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A file photo from August, 2008, shows a parked truck with the logo of Maple Leafs Foods, at the back entrance of the processing plant on Bartor Rd., Toronto. The plant was linked to several deaths from listeriosis. (Fernando Morales/The Globe and Mail/Fernando Morales/The Globe and Mail)
A file photo from August, 2008, shows a parked truck with the logo of Maple Leafs Foods, at the back entrance of the processing plant on Bartor Rd., Toronto. The plant was linked to several deaths from listeriosis. (Fernando Morales/The Globe and Mail/Fernando Morales/The Globe and Mail)

Food no safer than before tainted-meat scandal, union says Add to ...

The union representing federal food inspectors says Canadians aren't any safer now than they were during the deadly listeriosis outbreak two years ago.

It says that's because the Conservative government still hasn't implemented all 57 recommendations made by an independent investigator.

Chief among the union's concerns is what it says is a lack of inspectors working in non-slaughter meat plants.

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The union says there are fewer inspectors working in meat plants now than before the listeriosis outbreak.

But the Canadian Food Inspection Agency says that's not the case, and in fact there are more inspection staff than ever.

The CFIA says it is adding 170 inspectors to its staff, and 150 of them are already hired.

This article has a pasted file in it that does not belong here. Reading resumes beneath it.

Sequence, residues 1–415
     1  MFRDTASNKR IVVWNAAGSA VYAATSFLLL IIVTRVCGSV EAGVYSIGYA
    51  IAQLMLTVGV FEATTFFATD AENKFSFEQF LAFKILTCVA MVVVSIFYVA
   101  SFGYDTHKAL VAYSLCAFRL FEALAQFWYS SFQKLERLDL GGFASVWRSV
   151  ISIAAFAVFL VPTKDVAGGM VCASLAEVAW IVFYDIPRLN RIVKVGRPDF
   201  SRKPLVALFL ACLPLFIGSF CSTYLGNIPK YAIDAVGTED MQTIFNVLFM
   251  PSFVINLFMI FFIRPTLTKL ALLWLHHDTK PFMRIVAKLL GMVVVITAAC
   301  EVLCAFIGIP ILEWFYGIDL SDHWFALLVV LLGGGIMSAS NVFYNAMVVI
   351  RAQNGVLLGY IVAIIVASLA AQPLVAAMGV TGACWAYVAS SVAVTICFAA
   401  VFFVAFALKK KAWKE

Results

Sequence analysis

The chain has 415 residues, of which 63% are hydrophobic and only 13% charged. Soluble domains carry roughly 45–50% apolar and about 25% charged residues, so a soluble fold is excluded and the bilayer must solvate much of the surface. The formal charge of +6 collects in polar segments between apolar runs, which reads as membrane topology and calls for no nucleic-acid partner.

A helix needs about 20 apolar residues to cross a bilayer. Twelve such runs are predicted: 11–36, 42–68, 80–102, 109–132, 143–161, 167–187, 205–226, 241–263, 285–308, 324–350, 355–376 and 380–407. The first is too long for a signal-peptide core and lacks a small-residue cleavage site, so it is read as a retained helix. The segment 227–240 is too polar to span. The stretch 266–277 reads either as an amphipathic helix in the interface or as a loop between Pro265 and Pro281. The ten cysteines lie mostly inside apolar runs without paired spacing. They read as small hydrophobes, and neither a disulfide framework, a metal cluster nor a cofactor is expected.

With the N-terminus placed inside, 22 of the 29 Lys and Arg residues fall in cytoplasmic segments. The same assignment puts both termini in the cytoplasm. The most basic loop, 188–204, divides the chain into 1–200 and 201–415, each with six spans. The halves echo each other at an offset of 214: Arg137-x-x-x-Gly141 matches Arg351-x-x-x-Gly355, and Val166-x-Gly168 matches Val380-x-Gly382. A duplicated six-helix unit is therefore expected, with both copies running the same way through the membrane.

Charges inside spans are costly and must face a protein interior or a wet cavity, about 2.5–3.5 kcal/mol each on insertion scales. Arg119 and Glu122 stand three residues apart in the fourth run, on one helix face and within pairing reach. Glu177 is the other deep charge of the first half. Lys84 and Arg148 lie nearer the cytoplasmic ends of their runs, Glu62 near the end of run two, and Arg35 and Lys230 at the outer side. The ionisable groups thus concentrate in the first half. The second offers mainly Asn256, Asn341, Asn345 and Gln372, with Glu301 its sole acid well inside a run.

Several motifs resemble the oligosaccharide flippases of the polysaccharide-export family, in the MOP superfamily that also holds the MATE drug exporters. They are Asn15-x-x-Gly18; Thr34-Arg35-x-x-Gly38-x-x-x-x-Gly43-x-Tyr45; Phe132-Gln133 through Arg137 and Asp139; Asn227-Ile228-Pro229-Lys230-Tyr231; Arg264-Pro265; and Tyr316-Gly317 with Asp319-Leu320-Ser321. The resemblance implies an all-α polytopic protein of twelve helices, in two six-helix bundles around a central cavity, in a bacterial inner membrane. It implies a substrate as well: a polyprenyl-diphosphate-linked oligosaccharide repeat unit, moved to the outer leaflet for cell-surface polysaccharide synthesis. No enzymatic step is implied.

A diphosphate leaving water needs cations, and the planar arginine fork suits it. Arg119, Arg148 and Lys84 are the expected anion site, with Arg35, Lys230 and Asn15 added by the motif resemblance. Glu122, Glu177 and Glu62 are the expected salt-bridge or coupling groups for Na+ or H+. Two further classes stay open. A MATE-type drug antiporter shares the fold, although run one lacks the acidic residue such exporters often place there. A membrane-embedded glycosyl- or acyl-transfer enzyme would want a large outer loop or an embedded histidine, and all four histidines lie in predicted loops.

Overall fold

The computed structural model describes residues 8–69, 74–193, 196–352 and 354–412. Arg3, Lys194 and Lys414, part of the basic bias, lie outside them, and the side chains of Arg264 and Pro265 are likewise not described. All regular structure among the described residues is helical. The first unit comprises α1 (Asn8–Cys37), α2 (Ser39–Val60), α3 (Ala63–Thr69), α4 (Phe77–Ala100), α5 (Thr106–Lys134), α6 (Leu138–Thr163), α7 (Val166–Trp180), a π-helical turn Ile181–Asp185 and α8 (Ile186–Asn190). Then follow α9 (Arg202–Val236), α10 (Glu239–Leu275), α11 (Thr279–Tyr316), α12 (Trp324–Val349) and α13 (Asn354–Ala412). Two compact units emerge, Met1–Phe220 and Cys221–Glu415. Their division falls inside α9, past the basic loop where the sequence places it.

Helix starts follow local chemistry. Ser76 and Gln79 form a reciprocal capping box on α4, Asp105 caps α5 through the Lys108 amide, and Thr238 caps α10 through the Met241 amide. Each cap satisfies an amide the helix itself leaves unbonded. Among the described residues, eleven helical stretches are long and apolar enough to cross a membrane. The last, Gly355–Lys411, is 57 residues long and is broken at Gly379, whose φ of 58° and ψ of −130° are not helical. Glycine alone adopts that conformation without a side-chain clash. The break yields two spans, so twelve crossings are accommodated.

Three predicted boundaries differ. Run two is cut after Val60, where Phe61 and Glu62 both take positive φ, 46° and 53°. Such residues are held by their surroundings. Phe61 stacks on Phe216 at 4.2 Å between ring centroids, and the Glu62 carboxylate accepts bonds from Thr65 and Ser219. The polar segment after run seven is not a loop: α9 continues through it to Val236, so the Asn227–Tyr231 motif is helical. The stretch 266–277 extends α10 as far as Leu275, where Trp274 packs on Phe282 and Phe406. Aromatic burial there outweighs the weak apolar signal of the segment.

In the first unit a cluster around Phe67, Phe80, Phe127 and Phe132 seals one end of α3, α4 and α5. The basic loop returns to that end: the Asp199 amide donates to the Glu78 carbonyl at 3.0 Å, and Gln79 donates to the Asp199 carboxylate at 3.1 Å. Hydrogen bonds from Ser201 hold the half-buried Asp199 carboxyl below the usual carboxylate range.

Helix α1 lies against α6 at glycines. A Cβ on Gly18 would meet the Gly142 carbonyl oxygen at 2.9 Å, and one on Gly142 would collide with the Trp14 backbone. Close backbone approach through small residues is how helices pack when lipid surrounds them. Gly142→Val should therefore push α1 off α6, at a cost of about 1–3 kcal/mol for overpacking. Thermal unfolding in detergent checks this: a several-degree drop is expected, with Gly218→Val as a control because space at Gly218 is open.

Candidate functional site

Twenty-three people died and many more got sick after eating meat traced to a Maple Leaf Foods plant near Toronto.

The outbreak prompted the federal government to strengthen its food-safety protocols. It's now mandatory for companies to report all positive listeria findings to the food inspection agency, and facilities have to test more often for possible contamination.

But union head Bob Kingston says Canadians are still at risk.

“Effectively, this means that consumers are eating high-risk, 'ready-to-eat' foods that may not have been adequately inspected, produced in factories that may or may not be meeting safety requirements,” he said.

The tainted-meat scandal set off a flurry of probes.

Perhaps the most high-profile was an arms-length investigation by former Edmonton health chief Sheila Weatherill. Her team spoke to more than 100 people and amassed about five million pages of information during a six-month probe and still couldn't answer every question, such as how many meat inspectors there are in Canada.

The CFIA says it will report back next September on how it has adopted Ms. Weatherill's recommendations.

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